The Moonlight has become a favorite with television and movie folks as well. “That’s why we call it ‘The Roller Rink to the Stars’ because we do so much filming here,” said Cangelosi. “Nissan, Jack in the Box and McDonalds have filmed commercials here. “‘Modern Family’ ‘Glee’ and ‘The Goldbergs’ have filmed here,” Cangelosi recalls. ‘And the movies ‘Straight Out of Compton’ ‘Lolita’ did some filming here as well.”

The Hollywood crowd flocks to the Moonlight too. “Brad Pitt, Angelina Jolie, Justin Bieber, Danny DeVito, Rhea Pearlman and John C. Reilly have all skated here,” said Cangelosi. “Even Prince skated here whenever he visited L.A.”

But it is the local patrons — regulars and newcomers alike — that really keep the beloved Moonlight in business. “We estimate that 100,000 people come to my rink each year.  On Saturday alone, we might have 1,500 to 2,000 people skating here in one day,” Cangelosi marvels.

The family atmosphere at the Moonlight has made it a favorite destination for generations of skaters.

“We have customers that skated here as little kids–and now they bring their children and grandchildren,” Cangelosi said proudly. ‘We have lots of birthday parties and anniversary parties. People travel from West Hollywood, Beverly Hills, Santa Clarita, Palmdale, San Bernardino, Long Beach, San Diego and Orange County just to skate at the Moonlight.”

One of the regulars is 87-year-old Lillian Sait, who travels from Orange County to skate on Tuesday nights, when skaters—ranging in age from 70 to 90—hit the floor to spin to Cangelosi’s live organ music.

“I started skating at the age of four,” Sait recalls. ‘I like to skate backwards and do spins and turns.” But Sait noted that the senior crowd is quietly dwindling. “My skating partner, who was 92, died in 2015,” Sait recalls, who wears a pacemaker.  “A lot of skaters have died or just can’t skate anymore,” she said sadly. “But I feel wonderful when I skate. The Moonlight is absolutely beautiful. It’s like entering a whole new world.”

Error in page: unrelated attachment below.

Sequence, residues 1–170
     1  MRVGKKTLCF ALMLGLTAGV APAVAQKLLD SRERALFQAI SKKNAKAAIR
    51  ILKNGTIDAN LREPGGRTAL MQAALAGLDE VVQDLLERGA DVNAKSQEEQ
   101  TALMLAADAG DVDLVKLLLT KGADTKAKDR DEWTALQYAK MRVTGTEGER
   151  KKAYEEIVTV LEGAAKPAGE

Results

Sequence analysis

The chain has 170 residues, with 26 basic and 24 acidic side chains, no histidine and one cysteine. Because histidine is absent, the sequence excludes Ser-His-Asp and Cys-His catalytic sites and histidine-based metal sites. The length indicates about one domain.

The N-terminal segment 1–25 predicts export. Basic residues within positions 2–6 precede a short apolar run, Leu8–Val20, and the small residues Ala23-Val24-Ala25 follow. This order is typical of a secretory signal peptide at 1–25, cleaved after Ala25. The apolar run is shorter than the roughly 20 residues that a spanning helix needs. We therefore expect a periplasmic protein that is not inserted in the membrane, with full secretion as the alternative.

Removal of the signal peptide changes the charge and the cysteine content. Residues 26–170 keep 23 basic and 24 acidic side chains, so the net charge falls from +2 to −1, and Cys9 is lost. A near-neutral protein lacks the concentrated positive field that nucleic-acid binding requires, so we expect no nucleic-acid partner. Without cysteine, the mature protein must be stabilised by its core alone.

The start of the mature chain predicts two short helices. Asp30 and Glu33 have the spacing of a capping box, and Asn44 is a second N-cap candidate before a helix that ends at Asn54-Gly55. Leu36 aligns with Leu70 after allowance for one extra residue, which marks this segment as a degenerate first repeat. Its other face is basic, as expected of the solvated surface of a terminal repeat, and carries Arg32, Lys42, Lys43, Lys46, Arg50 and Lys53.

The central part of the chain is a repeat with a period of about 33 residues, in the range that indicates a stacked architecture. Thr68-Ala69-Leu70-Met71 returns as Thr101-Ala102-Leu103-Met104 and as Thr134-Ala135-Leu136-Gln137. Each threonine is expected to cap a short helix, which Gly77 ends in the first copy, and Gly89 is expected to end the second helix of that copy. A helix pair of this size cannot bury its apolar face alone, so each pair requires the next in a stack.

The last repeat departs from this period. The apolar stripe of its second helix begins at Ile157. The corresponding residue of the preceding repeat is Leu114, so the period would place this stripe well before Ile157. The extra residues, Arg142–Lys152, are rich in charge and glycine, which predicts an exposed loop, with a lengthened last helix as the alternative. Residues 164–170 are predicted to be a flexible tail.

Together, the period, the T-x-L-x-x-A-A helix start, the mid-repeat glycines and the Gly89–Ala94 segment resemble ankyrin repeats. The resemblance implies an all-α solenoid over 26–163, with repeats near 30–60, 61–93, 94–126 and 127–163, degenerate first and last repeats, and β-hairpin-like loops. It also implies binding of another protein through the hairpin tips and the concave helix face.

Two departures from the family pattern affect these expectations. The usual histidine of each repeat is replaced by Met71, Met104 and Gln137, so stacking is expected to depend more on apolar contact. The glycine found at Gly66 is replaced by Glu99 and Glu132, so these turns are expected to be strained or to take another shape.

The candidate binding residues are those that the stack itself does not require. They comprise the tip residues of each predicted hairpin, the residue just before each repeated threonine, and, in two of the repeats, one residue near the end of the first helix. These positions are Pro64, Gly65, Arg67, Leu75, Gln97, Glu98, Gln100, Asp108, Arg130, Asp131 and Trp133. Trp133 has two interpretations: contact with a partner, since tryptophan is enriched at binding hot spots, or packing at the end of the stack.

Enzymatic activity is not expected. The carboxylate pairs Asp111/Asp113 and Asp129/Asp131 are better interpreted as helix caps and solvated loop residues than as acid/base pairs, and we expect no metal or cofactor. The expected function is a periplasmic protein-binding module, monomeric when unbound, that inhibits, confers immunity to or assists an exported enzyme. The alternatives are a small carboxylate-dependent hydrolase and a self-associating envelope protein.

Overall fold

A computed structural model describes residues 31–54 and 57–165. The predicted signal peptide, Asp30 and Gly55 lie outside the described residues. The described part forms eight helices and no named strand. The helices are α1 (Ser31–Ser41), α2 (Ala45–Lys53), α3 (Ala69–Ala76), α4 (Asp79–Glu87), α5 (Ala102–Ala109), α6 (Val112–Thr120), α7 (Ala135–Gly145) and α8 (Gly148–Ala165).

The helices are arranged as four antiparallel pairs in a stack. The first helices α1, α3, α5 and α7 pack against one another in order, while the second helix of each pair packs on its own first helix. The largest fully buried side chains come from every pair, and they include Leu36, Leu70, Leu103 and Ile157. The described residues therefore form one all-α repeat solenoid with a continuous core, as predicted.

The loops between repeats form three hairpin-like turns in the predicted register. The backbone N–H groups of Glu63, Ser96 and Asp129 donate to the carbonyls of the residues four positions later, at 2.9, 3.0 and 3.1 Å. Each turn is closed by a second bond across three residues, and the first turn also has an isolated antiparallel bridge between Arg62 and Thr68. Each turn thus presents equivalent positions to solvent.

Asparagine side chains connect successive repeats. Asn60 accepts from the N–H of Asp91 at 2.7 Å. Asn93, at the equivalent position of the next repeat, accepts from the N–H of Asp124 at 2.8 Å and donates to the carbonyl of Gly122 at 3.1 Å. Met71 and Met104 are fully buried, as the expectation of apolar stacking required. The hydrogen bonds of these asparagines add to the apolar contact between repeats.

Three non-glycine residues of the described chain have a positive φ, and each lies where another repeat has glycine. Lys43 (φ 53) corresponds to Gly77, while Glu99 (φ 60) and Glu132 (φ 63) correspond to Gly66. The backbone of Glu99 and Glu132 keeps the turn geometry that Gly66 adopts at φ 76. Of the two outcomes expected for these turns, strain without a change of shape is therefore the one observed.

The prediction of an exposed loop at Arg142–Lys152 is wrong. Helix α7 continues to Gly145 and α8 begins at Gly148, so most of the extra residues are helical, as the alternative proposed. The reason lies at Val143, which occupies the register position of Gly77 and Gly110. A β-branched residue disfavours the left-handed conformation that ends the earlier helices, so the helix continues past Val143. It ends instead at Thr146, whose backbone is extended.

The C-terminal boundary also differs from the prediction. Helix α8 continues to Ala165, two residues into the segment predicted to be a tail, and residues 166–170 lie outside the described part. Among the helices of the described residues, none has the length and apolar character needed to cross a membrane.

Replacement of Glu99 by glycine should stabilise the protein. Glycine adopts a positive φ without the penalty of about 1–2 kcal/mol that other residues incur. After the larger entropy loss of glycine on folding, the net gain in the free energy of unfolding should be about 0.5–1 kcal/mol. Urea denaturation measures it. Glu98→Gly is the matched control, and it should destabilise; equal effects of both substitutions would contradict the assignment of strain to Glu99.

And Cangelosi said that the employees are like family, as well. “I have employees who have been with me for 10 to 20 years,” he said.

One of the Moonlight’s DJ’s, 19-year-old Jessica George, describes the Moonlight as her home away from home.

“I started taking skating lessons here in 2006 and then I started working here in 2014,”she recalls. “It’s a wonderful place to work.  I play pop hits and whatever is currently on the radio. You get to meet all different types of people and Dominic takes such good care of the rink.”

George is also a member of the Moonlight Rollerway Artistic Skating Team, where advanced skaters enter skating competitions across the country to show off their jumps, spins and footwork. “I won a gold medal for my freestyle skating,” George said proudly. “I was so excited.”

The Moonlight’s theme nights always draw a crowd. Tuesday night attracts the regulars and old timers, Wednesday night is LGBT Rainbow Night which brings the West Hollywood crowd, and Sunday night is family night which draws patrons of all ages. Friday and Saturday nights, the Moonlight turns into a crowded teen haven—and even their parents join in the fun.

“I’m going to keep the Moonlight exactly the way it is and not change it at all,” said Cangelosi, who added that he has no plans to retire. “Working here at the Moonlight is the greatest job in the world.” 

The Moonlight Rollerway Skating Rink is located at 5110 San Fernando Road in Glendale. 1 (818) 241-3630 or is moonlightrollerway.com.